Most people’s symptoms of coronavirus get better within 4 weeks. But for some people, symptoms can last longer, or new ones can develop. Some people may experience the symptoms of long COVID for months or years. Symptoms can also change over time and can affect anywhere in the body.
Healthcare professionals may refer to long COVID as:
ongoing symptomatic COVID-19 (4 to 12 weeks)
post-COVID-19 syndrome (over 12 weeks)
As this is a new condition, knowledge of long COVID is developing all the time. Experts are learning more about how long symptoms will last, and it’ll vary from person to person. There can be different symptoms which often overlap. It can’t be said exactly how long coronavirus symptoms will last. The reassuring evidence is that symptoms improve over time in most cases.
Advice is based on:
evidence from research so far
experience and expert knowledge of healthcare professionals
Research is ongoing, so advice may change when its results are known.
Learn about Carole-Ann’s long COVID journey and how she managed her symptoms.
Signs and symptoms of long COVID
Signs and symptoms after coronavirus can be different from person to person. The most common ones include:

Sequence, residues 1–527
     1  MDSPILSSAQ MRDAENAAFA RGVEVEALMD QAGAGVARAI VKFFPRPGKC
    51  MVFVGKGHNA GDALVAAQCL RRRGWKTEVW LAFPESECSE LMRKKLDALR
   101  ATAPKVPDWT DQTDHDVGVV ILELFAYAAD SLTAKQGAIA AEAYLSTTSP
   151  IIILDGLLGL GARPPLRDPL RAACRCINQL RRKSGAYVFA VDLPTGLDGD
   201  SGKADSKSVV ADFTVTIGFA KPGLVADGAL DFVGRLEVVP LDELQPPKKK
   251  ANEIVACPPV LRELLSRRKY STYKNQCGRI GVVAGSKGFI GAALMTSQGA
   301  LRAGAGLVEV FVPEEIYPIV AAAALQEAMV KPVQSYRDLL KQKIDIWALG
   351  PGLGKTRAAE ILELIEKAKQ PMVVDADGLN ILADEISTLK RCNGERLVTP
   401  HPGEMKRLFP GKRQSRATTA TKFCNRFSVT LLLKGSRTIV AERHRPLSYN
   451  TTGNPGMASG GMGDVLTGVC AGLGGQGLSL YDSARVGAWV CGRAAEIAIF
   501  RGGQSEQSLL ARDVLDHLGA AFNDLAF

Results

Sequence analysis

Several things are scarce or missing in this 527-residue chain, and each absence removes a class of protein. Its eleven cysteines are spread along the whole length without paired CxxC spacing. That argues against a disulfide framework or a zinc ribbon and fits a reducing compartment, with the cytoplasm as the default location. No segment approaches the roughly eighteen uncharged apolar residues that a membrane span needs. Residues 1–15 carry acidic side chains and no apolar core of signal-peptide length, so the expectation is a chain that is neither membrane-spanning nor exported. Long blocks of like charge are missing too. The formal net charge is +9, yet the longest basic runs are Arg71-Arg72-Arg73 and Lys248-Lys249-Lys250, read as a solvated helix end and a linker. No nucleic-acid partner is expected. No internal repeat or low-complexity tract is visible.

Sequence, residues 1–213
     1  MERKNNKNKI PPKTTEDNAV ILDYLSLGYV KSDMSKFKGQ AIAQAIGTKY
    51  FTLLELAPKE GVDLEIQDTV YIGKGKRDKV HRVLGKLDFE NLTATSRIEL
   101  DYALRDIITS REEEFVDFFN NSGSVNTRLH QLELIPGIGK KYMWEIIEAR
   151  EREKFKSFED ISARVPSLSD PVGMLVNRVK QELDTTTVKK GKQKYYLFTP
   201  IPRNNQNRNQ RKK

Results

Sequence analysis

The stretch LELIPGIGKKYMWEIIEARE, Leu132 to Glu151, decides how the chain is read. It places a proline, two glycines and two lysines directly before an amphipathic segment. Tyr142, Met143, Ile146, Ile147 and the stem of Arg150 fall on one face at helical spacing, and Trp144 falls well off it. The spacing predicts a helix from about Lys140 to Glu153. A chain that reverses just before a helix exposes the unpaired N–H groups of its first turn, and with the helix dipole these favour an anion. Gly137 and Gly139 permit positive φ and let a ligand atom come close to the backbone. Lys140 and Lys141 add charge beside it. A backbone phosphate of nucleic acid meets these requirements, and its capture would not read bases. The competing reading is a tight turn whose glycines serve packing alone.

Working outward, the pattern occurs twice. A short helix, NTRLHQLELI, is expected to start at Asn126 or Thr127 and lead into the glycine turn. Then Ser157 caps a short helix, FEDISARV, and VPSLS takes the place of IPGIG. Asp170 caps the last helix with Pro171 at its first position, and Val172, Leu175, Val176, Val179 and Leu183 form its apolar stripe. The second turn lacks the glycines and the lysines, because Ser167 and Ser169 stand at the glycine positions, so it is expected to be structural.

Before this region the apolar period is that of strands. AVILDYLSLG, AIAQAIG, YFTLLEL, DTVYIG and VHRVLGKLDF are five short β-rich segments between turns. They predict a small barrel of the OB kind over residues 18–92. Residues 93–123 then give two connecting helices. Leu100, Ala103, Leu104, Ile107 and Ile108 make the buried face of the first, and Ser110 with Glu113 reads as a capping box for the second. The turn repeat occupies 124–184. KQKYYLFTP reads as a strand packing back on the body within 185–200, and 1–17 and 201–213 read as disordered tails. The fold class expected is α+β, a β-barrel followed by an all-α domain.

Nobody else understands your symptoms as well as you. Some people can carry on their day to day life managing long COVID symptoms themselves. Others may need further help from a healthcare professional.
You’re the best person to help your healthcare professional understand how your symptoms affect you.
Your symptoms can be assessed in several ways, which will include looking at your physical and mental wellbeing.
It’s not known whether vaccines have any effect on the ongoing symptoms of coronavirus. NHS Scotland recommend you get the coronavirus vaccine when offered it. Vaccines can help to reduce the risk of further infection.
There’s a patient information booklet for people who have symptoms that last more than 4 weeks. It’s written by experts from National Institute for Health and Care Excellence (NICE), the Royal College of General Practitioners (RCGP) and the Scottish Intercollegiate Guidelines Network (SIGN).